Modern Jazz dance has evolved in a way that is nearly unrecognisable from the original form of jazz dancing. The traditional Jazz dances include the lindy hop, charleston, balboa, and vernacular jazz steps, and they are grew up in the African-American culture. Most are partner dances, and this section will tell you the difference between them
Read more about:
Lindy Hop (“8 count” and “6 count” rhythms)
Lindy Hop has its roots in the music of the times – Jazz, more specifically Big Band Swing music from the 1920s – 40s, and in Harlem, when it experienced a kind of cultural renaissance in the 1920s. The dance itself a fusion of expressive African solo movements and European partner dancing. It grew out of the African-American communities, and it developed when the African slaves imitated European style of partner dancing, which was taboo in African culture.
The dance expressed the spirit of Jazz – vernacular, improvisational, individual expression tempered with negotiation with another, and free spirited – in the context of partner dancing. The improvisational nature of the dance doesn’t mean that there are no rules. Rather, the improvisation happens within a set of basic “8-count” footwork, and within the context of lead and follow, where the leader uses his body and hands to tell his partner where to go, and the follower, through her frame and connection with her partner, understands her leader’s cues. There is also a “6 count” footwork that gets thrown into the mix with it’s own set of moves to complement the movement.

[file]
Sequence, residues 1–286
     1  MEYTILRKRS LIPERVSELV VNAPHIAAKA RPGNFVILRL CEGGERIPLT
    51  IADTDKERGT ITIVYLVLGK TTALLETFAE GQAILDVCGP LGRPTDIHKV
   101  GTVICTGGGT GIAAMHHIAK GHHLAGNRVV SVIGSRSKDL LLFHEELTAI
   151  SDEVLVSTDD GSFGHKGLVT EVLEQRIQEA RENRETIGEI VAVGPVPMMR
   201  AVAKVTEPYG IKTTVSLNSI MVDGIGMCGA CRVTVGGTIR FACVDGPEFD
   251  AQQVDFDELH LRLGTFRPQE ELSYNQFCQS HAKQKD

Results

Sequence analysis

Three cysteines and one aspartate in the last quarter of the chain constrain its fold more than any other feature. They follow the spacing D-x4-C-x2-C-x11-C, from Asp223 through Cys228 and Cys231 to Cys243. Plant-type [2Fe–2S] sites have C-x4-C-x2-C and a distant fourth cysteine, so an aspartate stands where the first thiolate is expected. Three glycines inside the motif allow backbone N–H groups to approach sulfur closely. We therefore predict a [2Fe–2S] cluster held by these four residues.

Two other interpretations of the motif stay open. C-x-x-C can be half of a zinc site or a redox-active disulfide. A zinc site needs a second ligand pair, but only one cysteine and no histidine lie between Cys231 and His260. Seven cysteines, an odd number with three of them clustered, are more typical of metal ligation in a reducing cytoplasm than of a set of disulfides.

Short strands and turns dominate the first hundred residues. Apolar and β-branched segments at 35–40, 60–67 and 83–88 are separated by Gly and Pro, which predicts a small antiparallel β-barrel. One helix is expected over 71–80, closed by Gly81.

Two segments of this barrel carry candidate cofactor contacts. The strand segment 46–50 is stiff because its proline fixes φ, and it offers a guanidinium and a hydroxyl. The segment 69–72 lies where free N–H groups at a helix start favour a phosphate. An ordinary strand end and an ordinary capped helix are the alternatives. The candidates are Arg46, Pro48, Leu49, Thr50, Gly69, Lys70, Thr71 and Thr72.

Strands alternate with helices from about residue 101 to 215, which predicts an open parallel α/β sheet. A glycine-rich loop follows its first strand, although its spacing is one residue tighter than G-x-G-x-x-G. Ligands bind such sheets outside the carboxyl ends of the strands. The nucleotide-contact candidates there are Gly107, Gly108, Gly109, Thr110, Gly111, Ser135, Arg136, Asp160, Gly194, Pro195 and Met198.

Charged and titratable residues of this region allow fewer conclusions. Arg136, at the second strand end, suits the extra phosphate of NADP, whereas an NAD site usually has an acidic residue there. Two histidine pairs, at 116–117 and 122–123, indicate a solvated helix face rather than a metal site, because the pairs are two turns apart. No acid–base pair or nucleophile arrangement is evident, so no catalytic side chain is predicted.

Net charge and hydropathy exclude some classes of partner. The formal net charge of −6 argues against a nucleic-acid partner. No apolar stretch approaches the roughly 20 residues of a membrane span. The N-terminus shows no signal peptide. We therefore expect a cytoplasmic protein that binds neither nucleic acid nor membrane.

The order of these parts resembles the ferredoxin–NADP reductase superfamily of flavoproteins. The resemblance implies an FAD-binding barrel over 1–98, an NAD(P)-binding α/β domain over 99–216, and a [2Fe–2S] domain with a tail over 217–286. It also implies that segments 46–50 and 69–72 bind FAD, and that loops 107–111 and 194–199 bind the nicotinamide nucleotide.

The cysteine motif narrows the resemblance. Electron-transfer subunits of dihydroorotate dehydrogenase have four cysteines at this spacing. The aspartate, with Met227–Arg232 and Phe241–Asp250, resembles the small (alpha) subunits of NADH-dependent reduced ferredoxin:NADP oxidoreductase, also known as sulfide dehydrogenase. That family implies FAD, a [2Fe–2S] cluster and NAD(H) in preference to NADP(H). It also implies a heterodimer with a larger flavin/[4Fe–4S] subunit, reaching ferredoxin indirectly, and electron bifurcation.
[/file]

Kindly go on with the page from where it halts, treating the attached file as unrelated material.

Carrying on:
It is ironic as there is no hopping in lindy hop, despite its name, though there is a pulse that is intrinsic to the dance – the swing feel, that sense of propulsion, generated by the music. This usually creates a certain sense of joy in the dancer. It is no wonder that they call it the happy dance. The fact that it is a vernacular dance means that each dancer is free to create his or her own unique style in the expression of the dance.
Here’s a clip with Frankie Manning and Norma Miller, from the original Whitey’s Lindy Hoppers talking about the dance, with original footage.
Read more about:
The Charleston was a popular dance in the 1920s, in the midst of the Prohibition amendment, and often associated with the speakeasy. It was popularized by the song “Charleston” by James P. Johnson, from the Broadway show Running Wild in 1923. Women danced it alone and together, mocking the people who supported the Prohibition, the “drys”. It was considered immoral and provocative by many. The Charleston is one of the root dances that contributed to the development of the Lindy Hop. In fact, it evolved in the 30s and 40s, to suit the change in the style of music, and was incorporated into the Lindy Hop.
The rhythm of the dance itself resembles the natural movement of walking, though you don’t actually move, and there is a bounce in the step. The flexibility and ease of the basic step allows for different forms of styling and improvisation.
Lindy Hoppers today dance both versions of the Charleston, either solo or with a partner. When done solo, they combine it with vernacular jazz steps as well. When danced with a partner, there are many different positions to adopt – side by side, tandem, or in front of each other.
This clip shows Al Minns and Leon James, also from Whiteys Lindy Hoppers doing a demo for a TV recording somtime in the 50s.
Read more about:
Authentic Jazz Steps
In its original form Jazz dancing has little to do with Bob Fosse and musical theatre, though one can somewhat trace a direct lineage to vernacular jazz. American Authentic Jazz dance in its turn, traces its origins to the customs of early African communities. As such, the dance was social and communal (always with calls and shouts), natural (movements mimic or are based on everyday actions), and earthy (grounded) dance.